Poetry Ireland Introductions 2013 Series Two: Featured Writer: Victoria Kennefick

Cork poet Victoria Kennefick

Cork poet Victoria Kennefick

Over the course of the next few days, I’ll be posting interviews with those writers reading as part of the Poetry Ireland Introductions series 2013. One of this week’s featured poets is Cork poet Victoria Kennefick, who reads on Tuesday 4th June at 6:30pm at the Irish Writers Centre, Parnell Sq., D1.

Philip Cummins: What is your earliest memory of poetry at home or in school?

Victoria Kennefick: ‘The woods are lovely, dark and deep. /But I have promises to keep, /And miles to go before I sleep, /And miles to go before I sleep.’

I fell asleep to Robert Frost’s ‘Stopping by Woods on a Snowy Evening’ every night as a child, always so relieved that I didn’t have to undertake such a long journey (not knowing I had already embarked on one of my own).  I felt sorry for the speaker and his little horse frozen in someone else’s woods while I was tucked up in bed, listening to my mother whispering the poem to me as she stroked my forehead.  When my mother left, content that I was drifting off, I lay awake imagining the forest, scared but fascinated because these words made me feel strange.  I felt under their influence somehow.  I wanted to know more about these spells and incantations.

I wrote one of my first poems when I was about eight.   It was a collaborative effort.  For homework, I had to write a poem with the title, ‘Perseverance.’  I sat at my Dad’s feet in the living-room, and with his help concocted the following:

The Fisherman sits in his little boat,

waiting and watching his little float.

The noon sun beams down from the sky

and the fisherman says, ‘Why oh why

do I wait like this for the fish to run,

when all I get is the mid-day sun?’

Then evening comes, it’s not so hot

and finally a fish is caught.

 

My Dad loved words and rhymes.  He knew many local poems by heart and I regret that I didn’t have the foresight to record them.

PC: Is there a particular poet, poem or book of poems that was, for you, like discovering rock n’roll for the very first time? Can you describe what it was like?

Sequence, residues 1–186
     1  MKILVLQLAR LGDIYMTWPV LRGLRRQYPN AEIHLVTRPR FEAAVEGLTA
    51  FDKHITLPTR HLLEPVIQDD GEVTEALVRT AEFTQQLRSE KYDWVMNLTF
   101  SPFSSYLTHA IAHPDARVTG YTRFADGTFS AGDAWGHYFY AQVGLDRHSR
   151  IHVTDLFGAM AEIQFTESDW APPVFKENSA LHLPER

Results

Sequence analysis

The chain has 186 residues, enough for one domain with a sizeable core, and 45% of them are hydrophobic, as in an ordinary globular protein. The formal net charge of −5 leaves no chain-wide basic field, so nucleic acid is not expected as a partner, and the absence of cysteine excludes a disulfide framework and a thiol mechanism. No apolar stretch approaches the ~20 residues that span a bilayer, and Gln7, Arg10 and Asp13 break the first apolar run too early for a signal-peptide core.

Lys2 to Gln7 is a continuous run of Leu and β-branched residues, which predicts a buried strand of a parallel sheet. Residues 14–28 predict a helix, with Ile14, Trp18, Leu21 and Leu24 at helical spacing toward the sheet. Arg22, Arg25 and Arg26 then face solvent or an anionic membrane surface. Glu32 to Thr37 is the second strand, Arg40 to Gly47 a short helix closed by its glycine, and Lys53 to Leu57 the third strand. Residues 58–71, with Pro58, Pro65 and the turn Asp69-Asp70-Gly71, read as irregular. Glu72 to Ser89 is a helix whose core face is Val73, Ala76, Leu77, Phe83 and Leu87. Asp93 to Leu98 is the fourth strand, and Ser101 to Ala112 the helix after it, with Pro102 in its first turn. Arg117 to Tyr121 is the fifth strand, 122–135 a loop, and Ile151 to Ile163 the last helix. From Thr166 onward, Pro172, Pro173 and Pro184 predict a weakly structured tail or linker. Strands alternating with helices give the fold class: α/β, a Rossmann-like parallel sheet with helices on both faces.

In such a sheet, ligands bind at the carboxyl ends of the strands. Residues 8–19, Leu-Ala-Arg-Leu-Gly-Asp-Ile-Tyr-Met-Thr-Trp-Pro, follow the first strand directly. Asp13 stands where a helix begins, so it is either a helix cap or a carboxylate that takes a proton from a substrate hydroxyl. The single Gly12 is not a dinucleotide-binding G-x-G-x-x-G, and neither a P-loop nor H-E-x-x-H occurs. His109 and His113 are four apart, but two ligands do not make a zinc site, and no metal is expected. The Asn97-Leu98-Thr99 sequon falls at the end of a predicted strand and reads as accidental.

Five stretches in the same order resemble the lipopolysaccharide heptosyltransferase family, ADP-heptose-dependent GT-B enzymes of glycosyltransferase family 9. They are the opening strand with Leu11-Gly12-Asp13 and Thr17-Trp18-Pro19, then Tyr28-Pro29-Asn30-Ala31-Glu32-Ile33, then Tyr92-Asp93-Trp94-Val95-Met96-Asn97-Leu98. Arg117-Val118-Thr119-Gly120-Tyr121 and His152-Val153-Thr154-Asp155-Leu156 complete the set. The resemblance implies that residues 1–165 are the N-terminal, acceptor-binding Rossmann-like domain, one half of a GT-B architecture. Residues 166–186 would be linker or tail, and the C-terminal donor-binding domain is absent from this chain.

VK: Sylvia Plath blew my mind!  I read her in my teens and I did not know it was possible to create images so vivid and vicious, beautiful and deadly.  She became so real to me, I was completely obsessed.  I read her collected poems right through one night.  I went to bed early that morning and couldn’t sleep.  I could feel her breath in the room, when I closed my eyes there was no dark.  Like with Frost, I was once again acquainted with poetry’s dark power, it’s incessant whisper.  I had to cut down on Plath at that point.  Now I like to occasionally dip in.  I also loved Whitman and the idea of him shouting his poems at passing traffic.

PC: Which poets do you think best characterise the qualities that are found in your own poetry?

VK: To be honest, I don’t know.  I think that might be for readers to assess.  When a poem of yours is compared to a poet you love, it’s always a huge compliment, a jewel to put in your pocket.  I know which characteristics I’d like to share with poets I admire, but I can only work on trying to create these qualities in my own poetry.

PC: What was your first “Eureka!” moment in writing and publishing poetry; the moment when you realised “Hey, I’m actually on to something here!” in terms of your work coming together and first getting accepted and published in magazines and journals?

VK: That was definitely when my poem ‘Moby-Dick’ was published in The Stinging Fly, a magazine I’ve always admired.  Seeing my poem in print gave me the confidence to continue submitting my poetry to journals, magazines and competitions.  It was a great start.

PC: Finally, if you could own and keep just three collections of poetry on your bookshelf- excluding, of course, your own- which collections would they be and why??

VK: Impossible!  I’m just going to list the poets I’ve been reading lately: e.e. cummings because he elasticizes my brain and I love him; Emily Berry, who’s nominated for the Forward Prize this year – I am really enjoying her collection, Dear Boy, and; on the excellent recommendation of Carol Ann Duffy, Edward Thomas, whose work is beautifully delicate and intricate.

Victoria Kennefick reads as part of the second in a series of three readings as part of the Poetry Ireland Introductions readings series on Thursday 4th June at 6.30pm at the Irish Writers’ Centre, 19 Parnell Square, D1.

Also reading with Victoria are:

Caoilinn Hughes

Sheila Mannix

Alan Weadick

Venue: The Irish Writers’ Centre, 19 Parnell Square, D1
Time: Thursday @ 6.30pm
Admission: Free
T: (01) 8721302
E: info@poetryireland.ie
www.poetryireland.ie

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